When a queue forms in the street in Camden, in north London, it’s usually to see the latest up-and-coming indie band. But on Sunday the line outside the Holiday Inn was for entry to 2014’s Gay Wedding Show – where, inside, photographers, caterers and party planners were readying themselves for an onslaught of newly engaged men and women eager to start planning their big day.
Love Hearts sweets and glasses of pink Lambrini were handed out to couples as they waited in the spring sunshine. The day held a special meaning for many as they will, for the first time, be able to marry legally in England and Wales on 29 March.
“All love is shared,” cried the gay rights campaigner and event founder, Gino Meriano, 50, as he doled out pink-themed goodies to the excited couples. “All love is appreciated.” According to him, the show, which celebrated its 10th birthday last year, is an opportunity for same-sex couples to “leave their sexuality at the door”.
“I set up the show 11 years ago after realising there wasn’t really anything out there for same-sex couples,” he said. “I came up with the idea of having an exhibition just for them, where they can leave their sexuality at the door, walk in and start planning their big day.”
Karl and Simon Bruno are doing just that. The pair, who have been civil partners for five years, are overwhelmed by the prospect of finally being able to marry. Their big day is in July 2016 and they have already ticked most items off their Beauty and the Beast-themed wedding list, proudly reeling off the name of the venue, theme, colour scheme and catering options.
“To get married means everything to us,” said Simon, 25. “It’s about having equal rights. We want to be treated just the same as everyone else and civil partnership doesn’t quite cut the mustard.”
Rhiannon Dollar, 27, who helps co-ordinate the show in Cardiff, Brighton and Manchester as well as London, says last year was a quiet year for the industry, as same-sex couples waited to find out whether they would be allowed to marry legally. “I think last year no one wanted to set a date until the law changed,” she said. “This year is much busier and everyone is really happy and excited. The atmosphere is fantastic.”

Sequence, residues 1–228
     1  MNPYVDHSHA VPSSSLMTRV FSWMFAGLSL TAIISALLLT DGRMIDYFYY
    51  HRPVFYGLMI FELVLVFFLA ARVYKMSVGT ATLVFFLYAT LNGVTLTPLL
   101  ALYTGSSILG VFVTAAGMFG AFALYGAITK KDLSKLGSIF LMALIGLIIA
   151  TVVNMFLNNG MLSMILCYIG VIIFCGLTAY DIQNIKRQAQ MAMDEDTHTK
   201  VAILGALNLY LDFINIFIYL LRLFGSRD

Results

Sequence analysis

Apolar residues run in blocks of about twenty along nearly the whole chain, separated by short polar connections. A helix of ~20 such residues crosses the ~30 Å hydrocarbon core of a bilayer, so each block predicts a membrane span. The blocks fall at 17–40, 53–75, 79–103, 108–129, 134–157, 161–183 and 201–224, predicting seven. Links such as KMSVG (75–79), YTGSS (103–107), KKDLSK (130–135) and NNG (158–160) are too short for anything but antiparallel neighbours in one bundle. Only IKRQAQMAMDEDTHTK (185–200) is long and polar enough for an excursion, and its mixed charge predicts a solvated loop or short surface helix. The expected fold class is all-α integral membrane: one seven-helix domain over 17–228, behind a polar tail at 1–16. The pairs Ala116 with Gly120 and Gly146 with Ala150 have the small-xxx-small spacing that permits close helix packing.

With drag queen and compère Fonda Cox belting out power ballads and encouraging couples to down shots of pink tequila, the atmosphere is certainly livelier than a traditional wedding fair, but in many ways the events are identical. Caterers hand out tasters, party planners discuss “pre-wedding parties” and photographers pounce on unsuspecting couples asking them whether they’ve set a date yet.
“I’ve been to a straight wedding fair before,” says 29-year-old Claudia Frei, who is marrying partner Anita Ferraro, 25, in May 2015. “It was all about beauty, teeth whitening and stuff like that. That’s not what weddings should be about. For me, it’s about being comfortable and happy on my wedding day, not looking like a beauty queen.”
On hand to make sure everyone is catered for are companies like The Butch Clothing Company, which creates bespoke suits for women who don’t want to wear a dress on their big day. “Clothing can be an issue for women,” says Mr Meriano. “We cover every base and make sure everyone is catered for.”
Many of the exhibitors also peddle their wares at traditional wedding fairs, and photographer Jacs Williams says she’s been surprised by the stigma still attached to same-sex marriage. “I was at one event where a woman saw we had photographs of a same-sex couple, closed the book and walked away in disgust,” she says. “I was stunned.”